The Museum of Extinct Foods

Our bees are dying. No Honeybees = no pollination. Imagine a world without honey, without apricots, without almonds…

This museum was a response to meeting Philip – a fascinating violin-maker and bee keeper. It was designed and displayed in public spaces to provoke discussion and create awareness about how the decline of bee populations is making the food we grow and eat are endangered.

When visiting Philip—at his home and workshop in Norfolk—he explained how his bee colonies had deserted the hives very suddenly. He believed it was due to pesticides being used on the crops in neighbouring fields. He continued to show us round his permaculture garden which kept him and his elderly mother almost self-sufficient. His stories about the importance of bees for pollinating plants, bushes and trees that bear fruit, vegetable, nut, legumes; all our main foodstuffs were a wake-up call.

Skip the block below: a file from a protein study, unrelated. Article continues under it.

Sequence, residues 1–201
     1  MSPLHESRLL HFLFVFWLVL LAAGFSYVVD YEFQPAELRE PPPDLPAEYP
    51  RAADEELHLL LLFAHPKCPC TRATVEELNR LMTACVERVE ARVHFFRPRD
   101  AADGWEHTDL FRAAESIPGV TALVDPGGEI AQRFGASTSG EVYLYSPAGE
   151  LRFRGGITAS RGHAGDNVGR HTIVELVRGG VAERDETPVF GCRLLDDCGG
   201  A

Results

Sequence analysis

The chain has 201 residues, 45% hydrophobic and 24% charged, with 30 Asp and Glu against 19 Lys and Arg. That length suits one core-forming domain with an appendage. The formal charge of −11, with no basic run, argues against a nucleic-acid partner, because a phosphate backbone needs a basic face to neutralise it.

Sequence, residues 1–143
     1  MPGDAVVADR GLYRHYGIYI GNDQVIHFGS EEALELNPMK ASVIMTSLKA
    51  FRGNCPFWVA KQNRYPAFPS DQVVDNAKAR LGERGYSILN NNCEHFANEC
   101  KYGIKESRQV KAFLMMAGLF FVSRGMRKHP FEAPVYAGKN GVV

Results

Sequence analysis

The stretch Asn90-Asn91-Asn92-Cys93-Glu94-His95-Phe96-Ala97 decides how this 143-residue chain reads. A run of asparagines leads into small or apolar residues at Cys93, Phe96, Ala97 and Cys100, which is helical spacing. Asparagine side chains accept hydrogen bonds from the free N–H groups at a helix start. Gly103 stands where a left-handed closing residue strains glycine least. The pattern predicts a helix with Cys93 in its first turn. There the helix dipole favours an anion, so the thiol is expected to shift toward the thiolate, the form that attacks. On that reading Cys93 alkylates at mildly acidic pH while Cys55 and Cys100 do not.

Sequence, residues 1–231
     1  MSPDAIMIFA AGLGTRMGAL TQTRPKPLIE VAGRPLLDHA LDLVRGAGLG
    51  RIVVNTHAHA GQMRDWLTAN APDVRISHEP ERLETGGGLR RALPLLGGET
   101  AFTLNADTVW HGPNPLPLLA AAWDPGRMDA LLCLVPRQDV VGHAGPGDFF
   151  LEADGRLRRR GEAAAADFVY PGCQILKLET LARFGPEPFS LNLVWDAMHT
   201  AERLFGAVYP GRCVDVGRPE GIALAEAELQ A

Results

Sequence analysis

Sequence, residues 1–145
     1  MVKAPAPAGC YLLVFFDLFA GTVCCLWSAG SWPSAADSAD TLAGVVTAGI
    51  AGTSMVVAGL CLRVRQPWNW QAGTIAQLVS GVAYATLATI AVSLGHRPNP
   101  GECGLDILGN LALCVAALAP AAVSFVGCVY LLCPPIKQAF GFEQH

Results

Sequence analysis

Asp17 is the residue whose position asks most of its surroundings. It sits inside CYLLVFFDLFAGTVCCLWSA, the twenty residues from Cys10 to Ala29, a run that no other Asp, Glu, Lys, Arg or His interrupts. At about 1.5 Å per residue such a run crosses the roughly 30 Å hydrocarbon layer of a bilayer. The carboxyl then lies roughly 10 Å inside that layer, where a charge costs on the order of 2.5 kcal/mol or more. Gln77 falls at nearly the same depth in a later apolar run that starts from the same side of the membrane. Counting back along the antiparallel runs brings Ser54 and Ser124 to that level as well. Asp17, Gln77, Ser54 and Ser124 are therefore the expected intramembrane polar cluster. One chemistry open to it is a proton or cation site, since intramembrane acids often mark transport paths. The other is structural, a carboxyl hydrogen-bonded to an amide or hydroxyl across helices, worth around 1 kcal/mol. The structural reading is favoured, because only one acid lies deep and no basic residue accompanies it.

I was aware of animals going extinct but it had never occurred to me that the same might be possible for the food we eat.